PSAILA, Elvira
October 2016

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This paper reviews both internal and external factors which can determine how parenting a child with an intellectual disability can be a positive experience. One in which the parents act as enablers in creating an environment that promotes the development of their children into autonomous adults from the moment of disclosure of the presence of intellectual impairment. The paper reviews literature that explores coping mechanisms, resilience and sense of coherence (SoC) as intrinsic qualities, and working with professionals and support systems as external factors. 

Considering Disability Journal, Vol.1, No.3

DOI: 10.17774/CDJ1.32016.5.20575874

Detecting Guillain-Barré syndrome caused by Zika virus using systems developed for polio surveillance

KANDEL, Nirmal
LAMICHHANE Jaya
TANGERMANN Rudolf
RODIEA Guenael
September 2016

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With increasing evidence of linkages between Guillain-Barré syndrome and Zika virus infection, the importance of enhancing Guillain-Barré syndrome surveillance is highlighted and use of existing surveillance systems like the one for acute flaccid paralysis (AFP) used by polio eradication programmes is proposed. A process for using the AFP surveillance system for Zika virus surveillance is outlined. Worldwide distribution maps of  Aedes aegypti and Aedes albopictus are presented and control measures following Zika infection testing are listed.

Preventing the Zika virus: Understanding and controlling the Aedes mosquito

LOGAN, James
August 2016

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This free online course begins by considering the science behind the outbreak to try to understand where the Zika virus has come from, its symptoms, and its effect on infected individuals. The biology of the Aedes mosquitoes is explored. A range of methods employed to control the Aedes mosquito are highlighted. There is opportunity to exchange thoughts and ideas through course discussion with those on the front line in South America. Subtitles in Spanish and Portuguese are provided.

Early childhood development and child protection in emergencies

PLAN INTERNATIONAL
UNICEF
July 2016

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This purpose of this technical note is to support child protection in emergencies personnel to programme appropriately for 0 to 8-year-old children. It extends the basic content included in UNICEF’s Early Childhood Development in Emergencies: Integrated Programme Guide to help UNICEF staff and partners implement quality programmes in emergency settings. Preparedness key activities and response key activities are listed. Two case studies are presented: one from Uganda and the other from Syria.

Inclusive education : what, why, and how : a handbook for programm implementers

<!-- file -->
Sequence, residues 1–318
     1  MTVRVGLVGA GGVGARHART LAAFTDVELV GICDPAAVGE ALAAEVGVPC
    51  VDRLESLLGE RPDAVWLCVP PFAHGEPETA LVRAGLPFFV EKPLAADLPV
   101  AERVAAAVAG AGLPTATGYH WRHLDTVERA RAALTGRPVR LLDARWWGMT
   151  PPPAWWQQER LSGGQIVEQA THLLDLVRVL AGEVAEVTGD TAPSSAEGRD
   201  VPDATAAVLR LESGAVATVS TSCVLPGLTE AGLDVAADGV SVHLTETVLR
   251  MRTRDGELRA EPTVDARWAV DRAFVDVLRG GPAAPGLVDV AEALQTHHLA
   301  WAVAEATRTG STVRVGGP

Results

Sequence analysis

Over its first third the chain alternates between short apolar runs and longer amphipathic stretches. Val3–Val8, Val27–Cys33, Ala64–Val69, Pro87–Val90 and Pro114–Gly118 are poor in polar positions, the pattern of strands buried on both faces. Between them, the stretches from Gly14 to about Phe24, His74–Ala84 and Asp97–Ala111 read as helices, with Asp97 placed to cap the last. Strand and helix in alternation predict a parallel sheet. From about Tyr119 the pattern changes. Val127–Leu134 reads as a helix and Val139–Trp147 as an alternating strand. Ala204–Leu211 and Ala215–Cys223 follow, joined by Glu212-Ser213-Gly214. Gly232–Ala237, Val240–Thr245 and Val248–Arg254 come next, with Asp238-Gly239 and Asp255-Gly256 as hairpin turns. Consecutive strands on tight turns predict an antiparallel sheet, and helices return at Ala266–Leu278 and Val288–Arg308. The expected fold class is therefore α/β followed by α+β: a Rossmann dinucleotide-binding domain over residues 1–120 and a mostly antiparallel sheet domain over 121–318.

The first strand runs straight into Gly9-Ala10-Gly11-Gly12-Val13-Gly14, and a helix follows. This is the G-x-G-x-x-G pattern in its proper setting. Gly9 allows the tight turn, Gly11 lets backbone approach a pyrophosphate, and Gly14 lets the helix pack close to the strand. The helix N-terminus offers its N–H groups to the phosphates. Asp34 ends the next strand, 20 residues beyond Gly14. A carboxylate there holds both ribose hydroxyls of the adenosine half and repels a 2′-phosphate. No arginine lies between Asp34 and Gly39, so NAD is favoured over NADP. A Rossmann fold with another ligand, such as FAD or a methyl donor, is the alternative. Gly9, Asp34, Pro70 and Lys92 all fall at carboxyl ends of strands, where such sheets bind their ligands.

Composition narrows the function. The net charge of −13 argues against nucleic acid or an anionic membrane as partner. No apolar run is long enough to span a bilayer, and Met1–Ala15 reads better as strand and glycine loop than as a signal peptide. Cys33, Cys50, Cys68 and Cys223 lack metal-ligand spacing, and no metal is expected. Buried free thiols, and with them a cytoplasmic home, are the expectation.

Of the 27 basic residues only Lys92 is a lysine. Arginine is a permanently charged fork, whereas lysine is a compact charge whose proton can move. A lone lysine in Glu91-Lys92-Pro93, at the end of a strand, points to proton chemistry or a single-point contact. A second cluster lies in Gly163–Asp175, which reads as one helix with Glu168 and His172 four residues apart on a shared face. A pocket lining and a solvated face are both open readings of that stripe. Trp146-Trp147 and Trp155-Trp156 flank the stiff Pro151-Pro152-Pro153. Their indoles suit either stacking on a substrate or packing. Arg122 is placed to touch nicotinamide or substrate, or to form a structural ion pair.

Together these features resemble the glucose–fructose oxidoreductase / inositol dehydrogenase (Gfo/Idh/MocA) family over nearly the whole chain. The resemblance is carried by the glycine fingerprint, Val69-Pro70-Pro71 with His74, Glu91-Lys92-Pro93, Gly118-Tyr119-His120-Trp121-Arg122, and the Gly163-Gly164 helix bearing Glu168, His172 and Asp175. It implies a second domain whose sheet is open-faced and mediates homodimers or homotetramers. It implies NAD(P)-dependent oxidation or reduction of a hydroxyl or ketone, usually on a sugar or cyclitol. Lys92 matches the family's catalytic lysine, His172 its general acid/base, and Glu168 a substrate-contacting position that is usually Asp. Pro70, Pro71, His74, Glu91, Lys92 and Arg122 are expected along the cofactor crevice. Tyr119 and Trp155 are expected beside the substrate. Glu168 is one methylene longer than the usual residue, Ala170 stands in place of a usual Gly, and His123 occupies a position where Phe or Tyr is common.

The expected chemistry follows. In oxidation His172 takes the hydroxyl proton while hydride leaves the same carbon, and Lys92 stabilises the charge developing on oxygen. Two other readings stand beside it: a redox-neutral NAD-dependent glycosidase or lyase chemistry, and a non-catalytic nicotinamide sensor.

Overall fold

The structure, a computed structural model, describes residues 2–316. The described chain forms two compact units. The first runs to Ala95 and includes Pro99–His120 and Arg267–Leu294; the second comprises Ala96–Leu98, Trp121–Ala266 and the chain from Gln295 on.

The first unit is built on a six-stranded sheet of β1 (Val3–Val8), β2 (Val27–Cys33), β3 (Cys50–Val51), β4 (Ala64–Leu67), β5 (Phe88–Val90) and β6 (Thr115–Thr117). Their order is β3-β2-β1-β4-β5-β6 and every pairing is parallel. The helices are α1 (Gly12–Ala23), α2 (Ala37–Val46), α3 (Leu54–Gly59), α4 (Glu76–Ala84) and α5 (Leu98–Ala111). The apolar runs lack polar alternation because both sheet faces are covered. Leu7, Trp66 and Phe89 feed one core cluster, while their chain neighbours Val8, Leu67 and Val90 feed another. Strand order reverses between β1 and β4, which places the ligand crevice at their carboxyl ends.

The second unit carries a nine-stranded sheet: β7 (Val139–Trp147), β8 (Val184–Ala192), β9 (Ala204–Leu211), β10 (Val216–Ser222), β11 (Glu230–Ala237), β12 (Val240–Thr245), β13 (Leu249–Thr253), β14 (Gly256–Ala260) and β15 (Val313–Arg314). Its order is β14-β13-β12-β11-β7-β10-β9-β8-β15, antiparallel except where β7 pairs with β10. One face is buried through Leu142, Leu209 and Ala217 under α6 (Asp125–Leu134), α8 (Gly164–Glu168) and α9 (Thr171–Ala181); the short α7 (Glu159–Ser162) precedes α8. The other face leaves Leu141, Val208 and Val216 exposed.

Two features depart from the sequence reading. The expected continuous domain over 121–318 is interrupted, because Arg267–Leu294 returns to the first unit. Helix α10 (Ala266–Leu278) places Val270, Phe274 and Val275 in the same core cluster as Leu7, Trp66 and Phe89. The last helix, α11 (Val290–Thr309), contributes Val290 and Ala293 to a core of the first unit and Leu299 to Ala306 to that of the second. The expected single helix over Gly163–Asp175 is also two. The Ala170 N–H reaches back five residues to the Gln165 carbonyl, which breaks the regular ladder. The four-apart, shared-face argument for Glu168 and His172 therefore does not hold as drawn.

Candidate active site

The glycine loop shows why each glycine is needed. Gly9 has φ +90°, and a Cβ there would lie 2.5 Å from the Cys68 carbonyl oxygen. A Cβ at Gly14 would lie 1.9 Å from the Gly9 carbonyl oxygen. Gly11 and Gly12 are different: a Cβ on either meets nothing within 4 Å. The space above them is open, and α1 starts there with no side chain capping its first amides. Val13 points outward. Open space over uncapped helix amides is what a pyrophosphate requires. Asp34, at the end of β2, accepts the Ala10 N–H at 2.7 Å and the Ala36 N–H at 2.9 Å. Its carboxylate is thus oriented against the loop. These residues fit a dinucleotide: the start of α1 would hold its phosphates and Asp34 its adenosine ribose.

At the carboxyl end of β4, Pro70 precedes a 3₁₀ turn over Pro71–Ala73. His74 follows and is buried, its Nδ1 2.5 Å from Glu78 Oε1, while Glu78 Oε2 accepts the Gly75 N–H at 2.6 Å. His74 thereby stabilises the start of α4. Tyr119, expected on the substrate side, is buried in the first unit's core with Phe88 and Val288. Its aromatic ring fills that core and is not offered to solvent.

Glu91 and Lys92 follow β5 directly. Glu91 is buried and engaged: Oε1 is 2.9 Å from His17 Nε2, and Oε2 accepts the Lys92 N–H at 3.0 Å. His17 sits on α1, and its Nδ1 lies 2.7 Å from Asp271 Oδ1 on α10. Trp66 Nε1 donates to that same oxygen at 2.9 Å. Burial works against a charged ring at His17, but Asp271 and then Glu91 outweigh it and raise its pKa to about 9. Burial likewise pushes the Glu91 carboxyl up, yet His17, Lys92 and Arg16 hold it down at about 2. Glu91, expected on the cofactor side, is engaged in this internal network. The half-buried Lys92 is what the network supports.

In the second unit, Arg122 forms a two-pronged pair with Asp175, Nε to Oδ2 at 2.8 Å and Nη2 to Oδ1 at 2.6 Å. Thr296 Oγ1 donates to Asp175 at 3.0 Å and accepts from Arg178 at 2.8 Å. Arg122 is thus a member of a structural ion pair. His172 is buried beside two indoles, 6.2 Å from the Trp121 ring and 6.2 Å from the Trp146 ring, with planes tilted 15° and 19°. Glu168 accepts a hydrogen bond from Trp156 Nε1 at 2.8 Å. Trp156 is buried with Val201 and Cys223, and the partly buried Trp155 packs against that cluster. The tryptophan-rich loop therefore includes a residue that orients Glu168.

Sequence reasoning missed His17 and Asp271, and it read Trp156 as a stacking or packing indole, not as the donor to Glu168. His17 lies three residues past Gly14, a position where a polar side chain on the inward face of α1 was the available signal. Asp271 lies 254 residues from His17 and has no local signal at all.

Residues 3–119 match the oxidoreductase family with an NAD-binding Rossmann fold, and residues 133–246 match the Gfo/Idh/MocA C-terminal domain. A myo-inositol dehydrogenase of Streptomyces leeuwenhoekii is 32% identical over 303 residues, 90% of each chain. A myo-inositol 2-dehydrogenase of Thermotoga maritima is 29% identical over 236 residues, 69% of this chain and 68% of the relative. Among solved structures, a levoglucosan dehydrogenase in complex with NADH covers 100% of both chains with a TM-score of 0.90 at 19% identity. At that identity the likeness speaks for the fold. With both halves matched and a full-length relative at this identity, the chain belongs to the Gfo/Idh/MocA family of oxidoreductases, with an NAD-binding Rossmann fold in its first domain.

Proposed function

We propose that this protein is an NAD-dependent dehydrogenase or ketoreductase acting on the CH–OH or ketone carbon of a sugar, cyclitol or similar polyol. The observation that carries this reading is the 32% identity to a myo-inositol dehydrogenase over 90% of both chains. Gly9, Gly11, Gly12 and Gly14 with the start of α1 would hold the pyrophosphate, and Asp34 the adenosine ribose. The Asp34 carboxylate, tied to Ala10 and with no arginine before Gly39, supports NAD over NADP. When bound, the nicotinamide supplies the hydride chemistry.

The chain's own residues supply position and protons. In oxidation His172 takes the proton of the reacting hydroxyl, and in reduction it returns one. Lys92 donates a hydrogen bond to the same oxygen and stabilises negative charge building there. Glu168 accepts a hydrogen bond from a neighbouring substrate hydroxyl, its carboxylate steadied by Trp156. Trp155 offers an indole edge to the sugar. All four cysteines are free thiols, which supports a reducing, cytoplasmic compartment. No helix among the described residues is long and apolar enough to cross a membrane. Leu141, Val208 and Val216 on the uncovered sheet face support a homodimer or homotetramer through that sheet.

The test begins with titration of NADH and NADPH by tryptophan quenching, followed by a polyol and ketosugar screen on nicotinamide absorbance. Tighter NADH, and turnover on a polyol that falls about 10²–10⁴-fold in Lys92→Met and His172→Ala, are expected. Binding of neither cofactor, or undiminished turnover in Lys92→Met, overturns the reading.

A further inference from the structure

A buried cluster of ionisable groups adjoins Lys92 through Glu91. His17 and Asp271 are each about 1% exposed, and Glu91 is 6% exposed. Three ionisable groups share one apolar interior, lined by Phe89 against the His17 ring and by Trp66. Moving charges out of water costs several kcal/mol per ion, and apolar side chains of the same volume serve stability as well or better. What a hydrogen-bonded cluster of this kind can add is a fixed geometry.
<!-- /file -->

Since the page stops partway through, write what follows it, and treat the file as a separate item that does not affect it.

HEIJNEN-MAATHUIS, Els
March 2016

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This handbook has been developed specifically for Save the Children programme staff, implementing partners, and practitioners supporting education programmes in any context – development, emergency, or protracted crisis. The Inclusive Education Working Group​ (IEWG) recognized that inclusive education begins with the work being done by education staff in the field, and designed this handbook specifically with them in mind. Guidance has also been structured along the project cycle, so that it may be useful to programmes regardless of their current stage of implementation. This handbook is designed to provide guidance through the different attitudes and barriers that could be causing educational exclusion, as well as to identify key strategies to address them. The project steps are situational analysis, programme design, implementation design, implementation and monitoring, and evaluation and lessons learnt. Case studies presented include: community-based EMIS in Tajikistan; designing for gender equality in Sierra Leone; probing questions lead to deeper analysis and improved programmes (in Uganda); education in emergencies (in Syria); school self-evaluation in Lao PDR. Quick reference charts and further resources are offered for each step

WHO : microcephaly and zika virus infection : questions and answers

COSTELLO, Anthony
February 2016

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Dr Anthony Costello, Director of WHO's Department of Maternal, Newborn, Child and Adolescent Health, answers some key questions on Microcephaly and Zika virus infection including concerning how a pregnant women would know if her baby is infected, what support would be needed if the child has Microcephaly and what steps can be taken to avoid being infected

Zika virus

HESPERIAN HEALTH GUIDES
February 2016

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A short introduction to the Zika virus and pregnancy. This resources details the signs of the Zika virus and the difference between Zika virus, dengue, chikungunya, or malaria are outlined. How the mosquito spreads the disease, the prevention of mosquito bites, ways in which communities can prevent mosquito illnesses and removal of mosquito breeding sites from around the house and community are also covered

 

Note: resource is available online and in downloadable pdf formats

CHILD AT RISK. The world’s most vulnerable children: who they are, where they live, and what puts them at risk